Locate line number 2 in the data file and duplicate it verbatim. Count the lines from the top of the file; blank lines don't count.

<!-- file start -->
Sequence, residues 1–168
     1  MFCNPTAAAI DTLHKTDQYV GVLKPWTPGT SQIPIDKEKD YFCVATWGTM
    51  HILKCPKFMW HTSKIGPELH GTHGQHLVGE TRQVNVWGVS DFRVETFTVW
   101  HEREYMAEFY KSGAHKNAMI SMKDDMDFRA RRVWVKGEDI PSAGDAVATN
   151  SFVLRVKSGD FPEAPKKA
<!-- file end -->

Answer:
     1  MFCNPTAAAI DTLHKTDQYV GVLKPWTPGT SQIPIDKEKD YFCVATWGTM